SAN JOSE, Calif.–Ori Inbar, co-founder and CEO of augmentedreality.org, gave a keynote address titled “Superpowers to Change the Word: How Augmented Reality Helps Advance Humanity” at the 2017 Sensors Expo and Conference this week.
Augmented reality vs. virtual reality
AR and virtual reality (VR) are two complementary but distinct concepts. AR is a digitally enhanced version of reality typically found in apps for smartphones and tablets. An app like Pokemon Go is a popular example. They serve as digital representations of the world layered with information, such as texts and images.
VR, on the other hand, is a computer simulation, which may or may not reflect the external world. Rather, VR is its own three-dimensional world receiving little to no input from the outside. It generates a first-person experience by simulating what users see, hear and in some cases feel. A headset like Facebook’s Oculus is a prime example. Inbar focused on how AR technologies can benefit humanity.
Inbar began by noting how sensors and AR visualization is democratizing human knowledge. With sensors and AR visualization, everyone can have access to the world’s top experts and information resources on how to manage their daily lives, according to Inbar.
Boosting productivity and efficiency
Inbar proceeded to explain how AR technologies can fuel economic growth by boosting productivity and efficiency. He added AR could aid professionals whose work has been commoditized by automation. For example, with WorkLink’s Easy Authoring AR Smart Instructions System, users can convert data into 3D animations, which makes complex tasks easily understandable. Furthermore, an editing interface instance layer allows the addition of texts, images and video to accompany the animation.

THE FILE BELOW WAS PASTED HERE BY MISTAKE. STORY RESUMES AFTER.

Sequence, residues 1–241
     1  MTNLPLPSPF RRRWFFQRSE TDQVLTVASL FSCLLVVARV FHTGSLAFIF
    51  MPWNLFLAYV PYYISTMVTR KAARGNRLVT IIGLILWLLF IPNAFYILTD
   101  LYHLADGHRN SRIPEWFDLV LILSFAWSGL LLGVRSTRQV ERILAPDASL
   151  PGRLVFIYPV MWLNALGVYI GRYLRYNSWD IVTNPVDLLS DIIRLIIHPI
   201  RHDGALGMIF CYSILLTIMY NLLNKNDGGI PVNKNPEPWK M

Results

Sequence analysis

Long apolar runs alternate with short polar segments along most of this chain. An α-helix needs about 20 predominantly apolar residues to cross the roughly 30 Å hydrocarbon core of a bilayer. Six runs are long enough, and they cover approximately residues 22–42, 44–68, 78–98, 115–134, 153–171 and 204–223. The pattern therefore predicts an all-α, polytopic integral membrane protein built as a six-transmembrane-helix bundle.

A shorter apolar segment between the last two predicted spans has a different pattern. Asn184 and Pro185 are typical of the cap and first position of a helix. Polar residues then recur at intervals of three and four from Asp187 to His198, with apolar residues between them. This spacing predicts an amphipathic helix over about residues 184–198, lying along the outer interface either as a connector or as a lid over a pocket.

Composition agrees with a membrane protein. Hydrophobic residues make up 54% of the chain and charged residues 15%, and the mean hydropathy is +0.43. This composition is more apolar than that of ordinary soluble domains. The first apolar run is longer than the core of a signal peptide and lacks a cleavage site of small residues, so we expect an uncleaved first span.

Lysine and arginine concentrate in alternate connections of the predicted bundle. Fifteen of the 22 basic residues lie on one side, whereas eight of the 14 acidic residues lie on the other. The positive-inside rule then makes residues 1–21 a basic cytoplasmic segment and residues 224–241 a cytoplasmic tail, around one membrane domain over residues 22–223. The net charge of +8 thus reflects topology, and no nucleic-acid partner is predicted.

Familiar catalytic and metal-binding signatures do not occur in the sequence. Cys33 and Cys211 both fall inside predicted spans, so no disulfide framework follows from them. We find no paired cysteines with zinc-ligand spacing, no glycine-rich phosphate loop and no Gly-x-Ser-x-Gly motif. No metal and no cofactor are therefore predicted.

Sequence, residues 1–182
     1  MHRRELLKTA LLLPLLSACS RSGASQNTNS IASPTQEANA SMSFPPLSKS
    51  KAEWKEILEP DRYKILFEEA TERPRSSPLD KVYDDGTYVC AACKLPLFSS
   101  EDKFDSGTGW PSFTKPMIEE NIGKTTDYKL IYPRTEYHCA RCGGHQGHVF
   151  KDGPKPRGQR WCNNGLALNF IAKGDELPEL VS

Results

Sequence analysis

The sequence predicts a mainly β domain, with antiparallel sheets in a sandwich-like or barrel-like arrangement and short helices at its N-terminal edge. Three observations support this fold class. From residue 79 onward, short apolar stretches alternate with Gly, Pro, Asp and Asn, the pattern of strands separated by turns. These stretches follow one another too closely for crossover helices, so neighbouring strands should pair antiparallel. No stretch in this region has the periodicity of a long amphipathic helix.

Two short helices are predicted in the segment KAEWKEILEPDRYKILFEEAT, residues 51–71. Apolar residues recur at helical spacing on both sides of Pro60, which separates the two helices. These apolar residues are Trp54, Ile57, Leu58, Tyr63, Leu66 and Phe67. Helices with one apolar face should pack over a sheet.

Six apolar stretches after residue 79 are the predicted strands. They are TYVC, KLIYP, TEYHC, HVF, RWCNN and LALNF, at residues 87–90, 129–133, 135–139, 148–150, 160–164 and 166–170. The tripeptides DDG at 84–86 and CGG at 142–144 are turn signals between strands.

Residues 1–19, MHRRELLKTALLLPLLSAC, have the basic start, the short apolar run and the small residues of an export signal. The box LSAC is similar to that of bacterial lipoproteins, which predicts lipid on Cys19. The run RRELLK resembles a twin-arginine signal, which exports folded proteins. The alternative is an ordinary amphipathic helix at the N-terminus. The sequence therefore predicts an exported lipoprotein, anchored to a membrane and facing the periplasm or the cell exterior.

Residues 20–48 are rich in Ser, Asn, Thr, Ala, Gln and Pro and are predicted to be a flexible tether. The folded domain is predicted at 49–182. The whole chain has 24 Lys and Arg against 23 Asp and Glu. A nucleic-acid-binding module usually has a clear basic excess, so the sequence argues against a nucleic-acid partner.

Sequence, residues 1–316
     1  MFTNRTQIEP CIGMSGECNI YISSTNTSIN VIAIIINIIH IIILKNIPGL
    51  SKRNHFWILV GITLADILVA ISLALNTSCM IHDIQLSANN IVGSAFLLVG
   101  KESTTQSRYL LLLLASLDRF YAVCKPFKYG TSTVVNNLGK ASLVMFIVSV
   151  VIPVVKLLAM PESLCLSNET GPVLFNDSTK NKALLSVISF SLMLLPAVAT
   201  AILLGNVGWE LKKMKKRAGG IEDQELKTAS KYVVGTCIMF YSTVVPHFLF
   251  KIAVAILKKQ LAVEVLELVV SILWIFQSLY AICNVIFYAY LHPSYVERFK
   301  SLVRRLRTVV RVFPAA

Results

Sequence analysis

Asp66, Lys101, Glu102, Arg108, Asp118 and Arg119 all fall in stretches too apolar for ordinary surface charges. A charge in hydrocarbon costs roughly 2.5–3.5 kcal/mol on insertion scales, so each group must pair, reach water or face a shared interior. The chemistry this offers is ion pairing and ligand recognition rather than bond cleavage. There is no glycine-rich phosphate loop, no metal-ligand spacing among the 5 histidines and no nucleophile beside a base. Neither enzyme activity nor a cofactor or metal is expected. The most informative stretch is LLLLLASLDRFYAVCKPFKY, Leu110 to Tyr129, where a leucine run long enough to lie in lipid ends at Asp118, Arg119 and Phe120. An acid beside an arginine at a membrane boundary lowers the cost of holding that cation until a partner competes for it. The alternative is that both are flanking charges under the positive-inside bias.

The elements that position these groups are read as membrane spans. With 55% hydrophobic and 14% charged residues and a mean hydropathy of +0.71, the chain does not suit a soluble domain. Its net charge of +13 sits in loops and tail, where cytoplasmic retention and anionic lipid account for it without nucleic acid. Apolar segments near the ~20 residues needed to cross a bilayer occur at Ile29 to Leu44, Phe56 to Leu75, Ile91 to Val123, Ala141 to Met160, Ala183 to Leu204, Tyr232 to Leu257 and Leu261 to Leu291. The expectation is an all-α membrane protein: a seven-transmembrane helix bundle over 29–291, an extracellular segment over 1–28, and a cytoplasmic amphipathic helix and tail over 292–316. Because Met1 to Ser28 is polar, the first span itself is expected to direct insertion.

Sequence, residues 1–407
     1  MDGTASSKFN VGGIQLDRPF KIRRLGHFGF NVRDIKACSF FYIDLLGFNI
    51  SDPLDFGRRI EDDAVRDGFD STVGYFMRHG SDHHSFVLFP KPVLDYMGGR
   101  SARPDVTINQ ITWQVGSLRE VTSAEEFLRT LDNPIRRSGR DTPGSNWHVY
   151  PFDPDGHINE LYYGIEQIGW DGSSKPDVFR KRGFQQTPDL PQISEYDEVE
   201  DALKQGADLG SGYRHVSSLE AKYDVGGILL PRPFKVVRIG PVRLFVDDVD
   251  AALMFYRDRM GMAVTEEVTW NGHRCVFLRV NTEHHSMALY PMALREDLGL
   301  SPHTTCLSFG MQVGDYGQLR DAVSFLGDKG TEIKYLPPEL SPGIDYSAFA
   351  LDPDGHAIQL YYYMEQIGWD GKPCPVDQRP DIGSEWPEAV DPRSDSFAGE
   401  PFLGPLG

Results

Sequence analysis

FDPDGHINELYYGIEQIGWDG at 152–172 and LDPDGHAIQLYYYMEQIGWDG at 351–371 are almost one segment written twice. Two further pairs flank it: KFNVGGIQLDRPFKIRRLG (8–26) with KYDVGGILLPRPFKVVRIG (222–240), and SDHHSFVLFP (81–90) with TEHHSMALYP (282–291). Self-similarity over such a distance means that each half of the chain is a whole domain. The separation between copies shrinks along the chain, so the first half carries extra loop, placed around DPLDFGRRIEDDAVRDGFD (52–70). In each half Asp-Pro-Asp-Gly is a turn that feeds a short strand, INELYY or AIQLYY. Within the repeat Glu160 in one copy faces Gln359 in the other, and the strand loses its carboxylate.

Inbar also noted how emotion sensors and communication technologies can foster empathy and collaboration among engineers. AR technologies can allow unlikely bedfellows to tackle various projects despite geographical barriers.
“Using sensors, it allows to communicate emotions in that process; something we didn’t have before. Once you start communicating emotions between team members, it can increase empathy,” he said.
Augmenting potential merchandise
Moreover, with AR technologies, people don’t have to make as much stuff. “You don’t have to build hardware; you can simulate the whole experience,” Inbar said. For instance, with AR applications, people can visualize what furniture looks like in their home in advance, helping consumers make informed purchasing decisions.
One of the most promising applications of AR technologies pertains to healthcare. Healthcare providers could work alongside advanced Intelligent Computer Vision systems to treat patients, Inbar said. Evena Medical’s Wearable Medical Imaging AR Glasses, for example, enables physicians to see the vein structure underlying human skin, which helps pinpoint the best place to place an IV.
Inbar concluded on how AR technologies can help sustain the human race. Sensors and AR technologies can mitigate hardware manufacturing, thereby lowering energy consumption and boosting sustainability. For example, with teleporting technologies, people don’t how to fly around the world, which helps save energy, he explained.